Among The Reeds Of The Nile -- By: Gary A. Byers
BSP 10:4 (Autumn 1997) p. 89
Among The Reeds Of The Nile
Recently, the outside world became aware of a small island in the Nile delta where an ancient Egyptian village from the 15th century BC has been discovered. The unique thing about this village, located within the city limits of modern Cairo, is that it wasn’t there during Egypt’s New Kingdom in the 15th century BC! This ancient village is
BSP 10:4 (Autumn 1997) p. 90
the 1984 creation of Egypt’s former ambassador to China, Dr. Hasan Ragab. It is officially known as the Pharaonic Village.
The island on which the village is constructed belongs to Ragab. It is the plantation where he grows papyrus reeds to supply his floating Papyrus Museum, docked on the bank of the Nile near Giza. It was Dr. Ragab, in the 1970’s, who rediscovered the techniques for producing smooth sheets of papyrus, an art lost for over a millennium. Today, hidden in the reeds of Ragab’s papyrus island, the ancient village sits in the very shadows of modern Cairo’s skyline.
Set in the days of Egypt’s New Kingdom (16th-13th centuries BC), the village sits in an ancient Egyptian ecosystem totally created by Dr. Ragab. He has successfully recreated the trees, flowers, birds and animals which lived in the region about 1500 BC, many of which have long disappeared from the banks of the Nile.
The village is accessed by launch from the Nile’s western bank. Upon arrival at the island, the boat navigates a narrow canal lined with the 10 ft high papyrus stalks. One by one, images of ancient Egyptian deities appear in the midst of the reeds. Amon-Ra, Thoth, Osiris, Isis, Horus and Bes all present themselves to the boatload of visitors.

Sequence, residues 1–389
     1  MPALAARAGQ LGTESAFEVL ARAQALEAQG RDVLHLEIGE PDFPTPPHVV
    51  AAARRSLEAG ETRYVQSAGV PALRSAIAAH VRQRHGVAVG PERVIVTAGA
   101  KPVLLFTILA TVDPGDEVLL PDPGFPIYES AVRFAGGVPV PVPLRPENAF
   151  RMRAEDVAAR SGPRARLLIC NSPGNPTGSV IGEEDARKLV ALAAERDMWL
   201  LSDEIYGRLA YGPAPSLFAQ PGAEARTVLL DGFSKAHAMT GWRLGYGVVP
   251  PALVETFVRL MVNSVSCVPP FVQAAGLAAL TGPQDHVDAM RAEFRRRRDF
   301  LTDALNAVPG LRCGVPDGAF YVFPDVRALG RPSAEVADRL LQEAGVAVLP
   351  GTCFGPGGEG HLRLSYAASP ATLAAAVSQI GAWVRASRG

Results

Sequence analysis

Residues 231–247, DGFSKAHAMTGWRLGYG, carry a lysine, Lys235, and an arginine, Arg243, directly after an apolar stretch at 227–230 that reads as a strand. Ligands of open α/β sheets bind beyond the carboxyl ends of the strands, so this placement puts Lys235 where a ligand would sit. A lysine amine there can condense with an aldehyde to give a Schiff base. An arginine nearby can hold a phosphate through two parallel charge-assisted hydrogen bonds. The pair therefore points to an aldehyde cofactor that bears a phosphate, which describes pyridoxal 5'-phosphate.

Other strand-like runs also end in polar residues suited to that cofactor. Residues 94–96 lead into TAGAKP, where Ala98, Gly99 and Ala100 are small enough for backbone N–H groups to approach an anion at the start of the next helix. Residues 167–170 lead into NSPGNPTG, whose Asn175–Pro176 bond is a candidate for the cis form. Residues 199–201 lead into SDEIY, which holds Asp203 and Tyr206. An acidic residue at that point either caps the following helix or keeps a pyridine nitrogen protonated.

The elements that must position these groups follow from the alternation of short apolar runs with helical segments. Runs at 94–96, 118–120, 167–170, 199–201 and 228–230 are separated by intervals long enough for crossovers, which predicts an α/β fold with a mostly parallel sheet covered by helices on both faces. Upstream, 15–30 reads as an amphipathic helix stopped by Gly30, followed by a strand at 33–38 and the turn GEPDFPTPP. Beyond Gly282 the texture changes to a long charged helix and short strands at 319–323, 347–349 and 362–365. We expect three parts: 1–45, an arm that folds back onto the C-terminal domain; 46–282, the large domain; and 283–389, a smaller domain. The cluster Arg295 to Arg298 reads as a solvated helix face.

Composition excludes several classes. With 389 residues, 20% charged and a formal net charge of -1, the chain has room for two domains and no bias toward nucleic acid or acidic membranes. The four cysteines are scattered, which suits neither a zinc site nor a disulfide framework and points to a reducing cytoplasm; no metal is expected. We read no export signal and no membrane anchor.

The Pharaonic Village
At the end of the canal, the visitors from the present begin to view daily life in an ancient Egyptian village, a world with which both Joseph and Moses were familiar. White-kilted farmers plow their fields with oxen and wooden plows, sow seed by hand, irrigate with water from the Nile and winnow their wheat at a threshing floor. Further along, a scribe records baskets of grain poured into a whitewashed mudbrick silo for storage.
One by one, the vital industries of ancient Egypt are recreated. Modern Egyptians demonstrate fishing, wine making, papyrus making, linen weaving, perfume making, carpentry, boat construction, pottery production, brick making, sculpturing of monuments, wall painting and engraving.
Village structures include a nobleman’s house and garden, a farmer’s ...
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